When browsing large windows (samba) shares with Ubuntu Nautilus (that’s the equivalent of the Windows File Explorer) I observed that shares which include many files and directories (a few hundred) take a few seconds to browse over WiFi, but almost instantly display over a fast LAN. A similar difference in speed is noticeable when searching for files with Nautilus.
Interestingly this doesn’t seem to be the case with sshfs mounts or when mounting a remote share as a local mount with cifs or browsing with smb-client.
The solution is to create a mount point in /media, eg. /media/Photos and mount it in /etc/fstab
//fileserver/Photos /media/Photos cifs vers=3.0,guest,soft,nofail,noauto,x-systemd.automount,x-systemd.device-timeout=5s,iocharset=utf8,cache=loose,fsc,users 0 0
Some options explained:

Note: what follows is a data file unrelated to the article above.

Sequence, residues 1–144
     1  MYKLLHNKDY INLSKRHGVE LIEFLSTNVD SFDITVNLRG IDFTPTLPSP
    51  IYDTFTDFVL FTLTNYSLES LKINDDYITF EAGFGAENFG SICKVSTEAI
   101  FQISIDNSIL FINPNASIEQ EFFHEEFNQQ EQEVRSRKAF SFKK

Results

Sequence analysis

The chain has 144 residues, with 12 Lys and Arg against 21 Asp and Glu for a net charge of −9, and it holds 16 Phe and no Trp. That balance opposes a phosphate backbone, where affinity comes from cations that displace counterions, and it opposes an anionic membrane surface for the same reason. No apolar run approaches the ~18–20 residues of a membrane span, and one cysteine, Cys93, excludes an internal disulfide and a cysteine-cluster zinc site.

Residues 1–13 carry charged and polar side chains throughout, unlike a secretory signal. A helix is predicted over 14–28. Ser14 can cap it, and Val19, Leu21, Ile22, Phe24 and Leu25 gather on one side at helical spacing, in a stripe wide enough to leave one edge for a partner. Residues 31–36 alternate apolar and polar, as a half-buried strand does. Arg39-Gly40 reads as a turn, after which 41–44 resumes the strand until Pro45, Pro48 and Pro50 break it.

Directly specifying the protocol version with “vers” reduces negotiation time (I hope, haven’t tried). The “guest” option mounts the share without user credentials (that’s ok in my case, you might want to provide user credentials instead). The “soft” option makes sure that access to the shares time out when the share is not available instead of hanging indefinitely. “noauto,x-systemd.automount” postpones mounting until the share is accessed. “nofail” makes sure the boot process doesn’t fail if the mount fails (useful since it is a network share and the server or network might be down). “x-systemd.device-timeout” reduces the wait time to 5 seconds in case the mount fails due to network issues. “iocharset” enables non-latin characters in file names. “cache” and “fsc” enable aggressive caching (you might want to skip those in a shared access environment). “users” is a weird one: Nautilus fails mounting with a note about the user not being “root” if that option is missing.